Wars of Augustus

Extent of the Roman Empire under Augustus; the yellow legend represents the extent of the Empire in 31 BC, the shades of green represent gradually conquered territories under the reign of Augustus, and pink areas on the map represent client states.

The wars of Augustus are the military campaigns undertaken by the Roman government during the sole rule of the founder-emperor Augustus (30 BC - AD 14). This was a period of 45 years when almost every year saw major campaigning, in some cases on a scale comparable to the Second Punic War (218-201 BC), when Roman manpower resources were stretched to the limit. The result of these wars was a major expansion of the empire that Augustus inherited from the Roman Republic, although in one case, the German Wars, there was little end-result to show for the enormous deployment of resources involved.


In 29 BC, the Roman Senate ordered the closure of the doors to the Temple of Janus in the Roman Forum for the first time in over 200 years. Signifying that the Roman state was no longer at war, this act reportedly pleased Augustus, then in his 5th Consulship, more than all the other honours showered on him. But the closure could not have been less appropriate. As Dio himself points out, there were ongoing major operations against the Treveri in Gaul, and the Cantabri and Astures in Spain.[1] Furthermore, the closure inaugurated nearly half a century of virtually incessant warfare, as a result of which the Roman Empire assumed the borders it would hold, with a few modifications, for its entire history.


30 BC

GAUL: The Morini and Treveri tribes of Gallia Comata province (Pas-de-Calais region of NE France), rebel against Roman rule and the Suebi Germans cross the Rhine to give them support. But the Morini are defeated by the proconsul (governor) of Gaul, Gaius Carrinas, who goes on to drive out the Suebi, for which he is awarded a joint Triumph with Augustus in 29 BC.[2]

EGYPT: The prefectures Aegypti (governor of Egypt) Gaius Cornelius Gallus quells two local revolts in Heroonpolis in the Nile delta and in the Thebaid.[3] Subsequently, he leads a Roman army South of the First Cataract of the Nile for the first time. He establishes a puppet-state called Triacontaschoenos under a local petty king to act as a buffer-zone between Egypt and Aethiopia (i.e. the kingdom of Aksum), as well as a loose protectorate over Ethiopia itself.[4] Despite his success, Gallus incurs Augustus' displeasure by erecting monuments to himself and is recalled to Rome, tried by the Senate and convicted of various unspecified charges and banished.[5]

29 BC

GAUL: The Treveri revolt is quelled by the new proconsul of Gaul, C. Nonius Gallus, who is rewarded with the title of imperator ("supreme commander").[6]

LOWER DANUBE: The proconsul of Macedonia, M. Licinius Crassus, grandson of Crassus the triumvir, launches the conquest of Moesia. He chases an army of Bastarnae, which was raiding a Roman allied tribe, back over the Haemus (Balkan) mountains but fails to bring them to battle. He then marches against a major fortress held by the Moesi people. Although his vanguard is routed by a Moesi sortie, Crassus succeeds in taking the stronghold. After that, he intercepts and routs the Bastarnae host near the Ciabrus river (Tsibritsa, Bulgaria), personally killing its leader in combat. Those Bastarnae who escape across the Danube river, and entrench themselves in a natural strongpoint, he dislodges with the assistance of the local king of the Getae. Crassus then turns his attention to the Moesi again. After a long and arduous campaign, he forces the submission of the great majority of Moesi.[7]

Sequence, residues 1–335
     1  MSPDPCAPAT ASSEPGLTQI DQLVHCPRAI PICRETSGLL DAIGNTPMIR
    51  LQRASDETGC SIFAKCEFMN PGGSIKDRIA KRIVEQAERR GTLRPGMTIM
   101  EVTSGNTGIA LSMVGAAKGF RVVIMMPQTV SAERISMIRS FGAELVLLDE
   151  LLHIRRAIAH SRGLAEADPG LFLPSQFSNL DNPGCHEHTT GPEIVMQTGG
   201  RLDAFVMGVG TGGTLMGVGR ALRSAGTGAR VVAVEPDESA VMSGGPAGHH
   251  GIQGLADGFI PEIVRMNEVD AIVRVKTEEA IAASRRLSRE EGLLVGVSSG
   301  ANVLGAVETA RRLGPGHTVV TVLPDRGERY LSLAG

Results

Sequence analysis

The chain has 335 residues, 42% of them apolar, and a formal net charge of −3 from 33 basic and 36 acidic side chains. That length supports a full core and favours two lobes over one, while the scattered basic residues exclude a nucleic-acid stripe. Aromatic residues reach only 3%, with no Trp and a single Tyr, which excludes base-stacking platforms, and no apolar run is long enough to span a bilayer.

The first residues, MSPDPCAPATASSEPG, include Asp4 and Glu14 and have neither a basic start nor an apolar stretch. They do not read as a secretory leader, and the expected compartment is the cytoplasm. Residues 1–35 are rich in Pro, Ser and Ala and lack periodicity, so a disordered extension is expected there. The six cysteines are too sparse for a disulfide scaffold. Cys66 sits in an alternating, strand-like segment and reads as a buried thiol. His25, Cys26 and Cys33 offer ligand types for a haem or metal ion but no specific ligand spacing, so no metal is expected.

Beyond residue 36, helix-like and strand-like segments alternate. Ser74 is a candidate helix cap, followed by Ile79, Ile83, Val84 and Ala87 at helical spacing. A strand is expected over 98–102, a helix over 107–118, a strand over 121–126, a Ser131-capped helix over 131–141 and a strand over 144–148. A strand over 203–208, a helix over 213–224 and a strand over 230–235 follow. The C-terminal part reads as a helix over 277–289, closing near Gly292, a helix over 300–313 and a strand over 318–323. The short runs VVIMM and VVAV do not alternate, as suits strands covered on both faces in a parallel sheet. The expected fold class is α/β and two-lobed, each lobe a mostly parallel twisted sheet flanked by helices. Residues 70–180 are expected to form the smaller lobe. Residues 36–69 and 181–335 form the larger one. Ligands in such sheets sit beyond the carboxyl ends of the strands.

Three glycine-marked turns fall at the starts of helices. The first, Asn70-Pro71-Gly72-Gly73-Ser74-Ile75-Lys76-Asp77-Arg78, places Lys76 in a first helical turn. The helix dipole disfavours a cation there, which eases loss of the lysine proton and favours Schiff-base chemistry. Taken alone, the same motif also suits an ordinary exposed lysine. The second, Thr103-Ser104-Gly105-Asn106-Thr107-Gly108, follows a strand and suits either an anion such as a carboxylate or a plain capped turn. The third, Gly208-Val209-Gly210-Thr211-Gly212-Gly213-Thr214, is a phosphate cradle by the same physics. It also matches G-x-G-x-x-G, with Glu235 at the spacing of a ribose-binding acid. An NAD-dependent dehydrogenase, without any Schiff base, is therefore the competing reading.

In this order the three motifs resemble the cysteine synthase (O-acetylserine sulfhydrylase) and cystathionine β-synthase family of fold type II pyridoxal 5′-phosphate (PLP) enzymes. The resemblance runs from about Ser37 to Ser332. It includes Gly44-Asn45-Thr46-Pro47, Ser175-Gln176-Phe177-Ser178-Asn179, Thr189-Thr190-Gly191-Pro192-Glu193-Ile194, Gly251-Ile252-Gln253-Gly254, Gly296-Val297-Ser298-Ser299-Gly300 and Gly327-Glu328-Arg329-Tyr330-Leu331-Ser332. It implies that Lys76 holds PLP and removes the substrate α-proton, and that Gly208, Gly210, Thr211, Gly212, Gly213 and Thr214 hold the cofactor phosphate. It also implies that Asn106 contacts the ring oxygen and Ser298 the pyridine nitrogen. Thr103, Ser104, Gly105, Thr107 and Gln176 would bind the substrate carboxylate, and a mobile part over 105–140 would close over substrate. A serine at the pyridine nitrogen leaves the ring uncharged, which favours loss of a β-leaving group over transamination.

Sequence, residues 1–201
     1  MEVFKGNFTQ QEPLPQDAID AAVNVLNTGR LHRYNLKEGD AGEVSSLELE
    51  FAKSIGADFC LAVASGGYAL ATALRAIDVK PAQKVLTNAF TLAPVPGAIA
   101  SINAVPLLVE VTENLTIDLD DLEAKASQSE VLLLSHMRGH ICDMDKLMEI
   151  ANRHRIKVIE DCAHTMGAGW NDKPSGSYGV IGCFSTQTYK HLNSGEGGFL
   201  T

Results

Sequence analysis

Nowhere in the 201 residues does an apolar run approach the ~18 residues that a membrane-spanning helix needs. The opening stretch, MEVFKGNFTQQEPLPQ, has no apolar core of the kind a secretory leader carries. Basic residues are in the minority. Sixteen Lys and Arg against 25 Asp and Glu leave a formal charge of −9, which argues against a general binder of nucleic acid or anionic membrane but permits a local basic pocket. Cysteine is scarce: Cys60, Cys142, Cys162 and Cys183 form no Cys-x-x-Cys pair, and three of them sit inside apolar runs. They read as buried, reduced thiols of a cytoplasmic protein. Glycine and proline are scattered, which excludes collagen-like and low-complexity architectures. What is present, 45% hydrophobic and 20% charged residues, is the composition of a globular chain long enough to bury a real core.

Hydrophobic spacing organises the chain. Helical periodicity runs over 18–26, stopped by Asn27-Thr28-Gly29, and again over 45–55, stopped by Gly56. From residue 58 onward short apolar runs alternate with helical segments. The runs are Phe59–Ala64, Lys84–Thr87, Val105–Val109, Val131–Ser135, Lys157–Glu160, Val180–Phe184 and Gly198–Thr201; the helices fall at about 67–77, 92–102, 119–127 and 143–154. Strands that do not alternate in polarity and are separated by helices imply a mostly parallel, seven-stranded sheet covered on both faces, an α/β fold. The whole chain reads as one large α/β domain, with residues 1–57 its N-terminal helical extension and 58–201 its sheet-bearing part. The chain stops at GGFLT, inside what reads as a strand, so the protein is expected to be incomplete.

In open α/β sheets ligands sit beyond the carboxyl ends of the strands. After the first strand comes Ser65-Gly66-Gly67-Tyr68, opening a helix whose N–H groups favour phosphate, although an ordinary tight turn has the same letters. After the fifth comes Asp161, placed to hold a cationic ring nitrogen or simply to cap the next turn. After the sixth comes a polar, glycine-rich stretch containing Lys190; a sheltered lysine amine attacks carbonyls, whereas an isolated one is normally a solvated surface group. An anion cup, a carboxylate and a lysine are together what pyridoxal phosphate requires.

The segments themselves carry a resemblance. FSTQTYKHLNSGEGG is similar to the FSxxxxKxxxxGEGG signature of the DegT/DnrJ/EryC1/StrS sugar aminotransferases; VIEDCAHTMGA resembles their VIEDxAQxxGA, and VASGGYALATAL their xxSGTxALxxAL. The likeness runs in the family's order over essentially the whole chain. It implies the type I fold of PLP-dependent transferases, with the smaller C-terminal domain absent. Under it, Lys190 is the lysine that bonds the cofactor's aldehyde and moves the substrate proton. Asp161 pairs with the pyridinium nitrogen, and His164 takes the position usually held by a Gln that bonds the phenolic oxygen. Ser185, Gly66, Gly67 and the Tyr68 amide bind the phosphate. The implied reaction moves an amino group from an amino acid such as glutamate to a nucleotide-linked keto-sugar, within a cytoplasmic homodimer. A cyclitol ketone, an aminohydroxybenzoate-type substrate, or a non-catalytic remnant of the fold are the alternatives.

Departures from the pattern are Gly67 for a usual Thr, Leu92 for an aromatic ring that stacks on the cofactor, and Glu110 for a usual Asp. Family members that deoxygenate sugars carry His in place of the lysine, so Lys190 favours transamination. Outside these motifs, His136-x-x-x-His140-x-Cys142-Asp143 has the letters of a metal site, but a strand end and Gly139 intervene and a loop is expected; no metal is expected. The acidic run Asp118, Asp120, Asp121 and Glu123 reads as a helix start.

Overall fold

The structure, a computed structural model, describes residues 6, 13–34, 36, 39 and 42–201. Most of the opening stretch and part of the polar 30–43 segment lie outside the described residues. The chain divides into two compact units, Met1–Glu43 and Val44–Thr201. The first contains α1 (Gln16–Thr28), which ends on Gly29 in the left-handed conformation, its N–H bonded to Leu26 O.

26 BC

SPAIN: Augustus takes personal command of the campaign against the Cantabri.[8]

EGYPT: Responding to a directive from Augustus, the prefectures Aegypti, Aelius Gallus (no relation to his predecessor, Cornelius Gallus) leads an expedition across the Red Sea against the Sabaeans of Arabia Felix (mod. Yemen). The key attraction was that this region produced aromatic substances such as frankincense and myrrh, which were greatly prized in Rome. In addition, occupation of Sabaea would give the Romans control of both sides of the entrance to the Red Sea, the Bab-el-Mandeb strait, since Cornelius Gallus had established a garrison at Arsinoe (near Assab, Eritrea) on the Ethiopian shore. The expedition consists of 10,000 troops including allies, and 130 freight-ships. Gallus was counting on the assistance of the Nabataean Arabs of NW Arabia, whose king Obodas was a Roman ally and contributed 1,000 warriors under his chief secretary, Syllabus. But the latter allegedly sabotaged the mission throughout with poor advice. The force sails by ship from Clysma (Suez, Egypt) to Luke Come (prob. Sharmah, Hijaz, NW Saudi Arabia) but suffers heavy losses to storms in transit, so that on arrival, Gallus is forced to spend the rest of the year at Lake Come to give his men a chance to recuperate and to effect repairs to his fleet.[9]

25 BC

SPAIN: Augustus, although in nominal command of the campaign against the Astures and Callaeci, is incapacitated by illness. The campaign is brought to a successful conclusion, with the last rebels crushed, by the governors of Hispania Citerior and Ulterior, respectively Gaius Antistius Vetus and Publius Carisius.[8]

ALPS: Augustus despatches an army under Aulus Terentius Varro Murena against the Salassi tribe of the Val d'Aosta region of the northwestern Alps. The latter controlled the Great St Bernard pass, the shortest route between Italy and the Upper Rhine region.


  1. Dio LI.20
  2. Dio LI.20.5; LI.21.6
  3. Strabo XVII.1.53
  4. CAH X 148
  5. Dio LIII.23.5-7
  6. ILS 895
  7. Dio LI.23-5
  8. 1 2 CAH X 451
  9. Strabo XVI.4.23-5




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